Gary Cohen said it best: “Just a horrifying loss for the New York Mets.”
If Terry Collins were ever tempted to resign, today would be the day to do it. On a day when Michael Conforto came within a single of hitting for the cycle, on a day when a Mets starter — Jacob deGrom — finally peeked into the seventh inning, Collins could only watch helplessly as the Mets blew a 7-1 lead, surrendering 10 runs in the Brewers’ last three offensive innings. A six run lead became a four run lead, widened back to a five run lead, shrunk to a two run lead, grew back to a three run lead, and ended in a two run deficit. This bullpen is approaching 2008 levels of futility.
This tangled, complicated game looked as if it were going to go much differently. The Mets started off fast. Conforto, batting in the third sport for the first time since last June, launched a solo homer in the top of the first. deGrom gave it right back in the bottom half, though, on an Eric Thames single, a double by Hernan Perez and a groundout by Travis Shaw. deGrom settled in nicely after that, retiring his next seven hitters in a row before allowing a harmless single to Shaw in the fourth. By that time, the Mets had built that 7-1 lead. In the top of the fourth, a leadoff walk to Conforto and a long Neil Walker double set them up with second-and-third with nobody out. Lucas Duda hit a soft liner to second and Curtis Granderson struck out, but red hot Rene Rivera hit a roller up the middle for a clutch base hit and the two runners scored. In the top of the fifth, deGrom reached on an error by Thames at first base, and Jose Reyes and T.J. Rivera both singled to load the bases. Conforto then hit a booming double to left, knocking in two. Walker pulled a double down the right field line and Conforto scored. That’s where most of the good news ended.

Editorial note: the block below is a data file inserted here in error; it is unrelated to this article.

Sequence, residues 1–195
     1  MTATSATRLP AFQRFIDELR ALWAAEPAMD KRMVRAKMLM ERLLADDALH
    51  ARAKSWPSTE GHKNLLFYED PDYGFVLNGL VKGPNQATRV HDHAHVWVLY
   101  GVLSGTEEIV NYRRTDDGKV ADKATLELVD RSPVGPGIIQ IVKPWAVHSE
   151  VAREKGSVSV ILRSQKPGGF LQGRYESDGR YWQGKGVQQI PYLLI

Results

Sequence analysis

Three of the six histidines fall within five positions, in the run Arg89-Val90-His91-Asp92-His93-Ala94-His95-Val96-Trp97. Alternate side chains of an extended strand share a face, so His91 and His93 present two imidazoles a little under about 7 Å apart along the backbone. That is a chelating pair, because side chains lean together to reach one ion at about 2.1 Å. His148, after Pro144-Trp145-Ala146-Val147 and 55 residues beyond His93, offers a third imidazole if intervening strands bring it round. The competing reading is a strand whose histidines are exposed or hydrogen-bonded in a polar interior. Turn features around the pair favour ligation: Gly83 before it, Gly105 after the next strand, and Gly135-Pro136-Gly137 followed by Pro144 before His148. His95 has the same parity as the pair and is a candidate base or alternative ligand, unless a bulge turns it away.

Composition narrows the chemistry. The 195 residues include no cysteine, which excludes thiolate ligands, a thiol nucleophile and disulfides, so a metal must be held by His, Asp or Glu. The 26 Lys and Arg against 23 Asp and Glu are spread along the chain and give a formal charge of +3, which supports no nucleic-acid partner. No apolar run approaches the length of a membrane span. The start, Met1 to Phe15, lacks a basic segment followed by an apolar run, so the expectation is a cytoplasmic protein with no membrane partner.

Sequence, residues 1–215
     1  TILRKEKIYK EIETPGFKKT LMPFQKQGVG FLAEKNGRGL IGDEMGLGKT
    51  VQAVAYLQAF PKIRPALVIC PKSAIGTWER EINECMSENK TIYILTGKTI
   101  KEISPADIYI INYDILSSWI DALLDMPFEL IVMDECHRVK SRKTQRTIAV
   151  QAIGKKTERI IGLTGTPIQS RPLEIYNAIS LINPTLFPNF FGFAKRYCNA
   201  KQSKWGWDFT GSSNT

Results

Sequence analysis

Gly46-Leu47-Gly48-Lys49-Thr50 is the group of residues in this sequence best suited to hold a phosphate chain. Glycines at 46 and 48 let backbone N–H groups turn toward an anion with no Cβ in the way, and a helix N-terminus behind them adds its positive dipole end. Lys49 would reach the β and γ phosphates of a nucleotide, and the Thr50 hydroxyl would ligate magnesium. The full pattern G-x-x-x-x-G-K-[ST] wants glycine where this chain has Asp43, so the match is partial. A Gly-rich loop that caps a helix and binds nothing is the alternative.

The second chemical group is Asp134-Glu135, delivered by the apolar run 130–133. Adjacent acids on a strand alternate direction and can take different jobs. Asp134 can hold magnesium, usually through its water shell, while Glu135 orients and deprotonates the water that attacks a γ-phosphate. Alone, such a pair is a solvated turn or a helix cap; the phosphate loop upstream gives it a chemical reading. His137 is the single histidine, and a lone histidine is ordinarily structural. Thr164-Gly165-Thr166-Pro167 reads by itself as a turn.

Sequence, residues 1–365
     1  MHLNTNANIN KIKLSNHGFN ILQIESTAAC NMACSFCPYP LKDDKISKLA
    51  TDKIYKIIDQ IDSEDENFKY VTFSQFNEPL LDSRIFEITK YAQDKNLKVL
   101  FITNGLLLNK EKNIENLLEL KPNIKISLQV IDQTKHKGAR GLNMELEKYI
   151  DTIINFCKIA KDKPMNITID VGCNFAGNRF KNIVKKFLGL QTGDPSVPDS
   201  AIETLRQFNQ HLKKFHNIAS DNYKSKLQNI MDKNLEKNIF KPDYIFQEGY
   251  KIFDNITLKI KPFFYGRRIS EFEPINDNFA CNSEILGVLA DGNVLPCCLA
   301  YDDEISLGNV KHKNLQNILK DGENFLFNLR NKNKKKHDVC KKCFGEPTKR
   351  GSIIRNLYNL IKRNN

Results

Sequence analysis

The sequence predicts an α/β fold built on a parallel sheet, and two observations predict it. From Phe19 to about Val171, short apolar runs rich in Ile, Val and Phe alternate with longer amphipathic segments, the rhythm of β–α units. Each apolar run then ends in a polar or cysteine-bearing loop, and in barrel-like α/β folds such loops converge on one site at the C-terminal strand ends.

In the bottom of the sixth, Milwaukee catcher Manny Pina — more about him later — hit one out double and crossed to third on a grounder by relief pitcher Jhan Marinez. That didn’t really matter, though, because Keon Broxton launched a deGrom slider into the left field stands and the lead was cut to 7-3. The Mets got one of those runs back in the top of the seventh, when Conforto hit an opposite field triple and scored on a base hit by Walker. deGrom came out for the bottom half and gave up a base hit to Domingo Santana. That was enough for Collins, deGrom having thrown 107 pitches. Jerry Blevins came on to face Jonathan Villar and served up a two run homer on his fifth pitch. After he walked Thames, Blevins was replaced by Fernando Salas. Salas walked Perez and gave up an RBI double to Jesus Aguilar. Salas gutted out the rest of the inning, getting Pina on a come-backer and striking out pinch-hitter Jett Bandy and Broxton. Are you following? Mets 8, Brewers 6 as we went to the top of the eighth. Juan Lagares led off with single and after hard lineouts by Wilmer Flores — in the game on a double swith when Salas came in — and Reyes, T.J. Rivera launched a triple into the right field corner and the Mets had some breathing room, leading 9-6. Conforto popped up in his attempt at an RBI single and his cycle to end the inning. That’s where all the good news ended.
Salas came out for the bottom of the eighth and walked Orlando Arcia to lead off. After getting Santana on a fly to center and surrendering a single to Villar, he was removed by Collins in favor of Josh Edgin to face the left-handed power hitter Thames. After getting behind on the count 3-1, Edgin barely clipped Thames on his elbow pad — I didn’t see that it hit him at all, but it was obvious to the ump, to Cohen and to Keith Hernandez — and the Brewers had the bases loaded. That was it for Edgin, as Addison Reed came in to get a five-out save. Presumably.
Reed gave up a single to Perez, making the score 9-8. He got a super-clutch strikeout on Aguilar. On 3-2 to Pina, he hung a slider and Pina hit it way up into the center field stands. The Mets went down without a murmur in the ninth. So in one fell swoop, the bullpen wasted a terrific offensive performance and a rare quality appearance from a starting pitcher.
The Mets now head for Arizona, where Zack Wheeler will face Zack Grienke tomorrow night. It will be a miracle if they come out alive.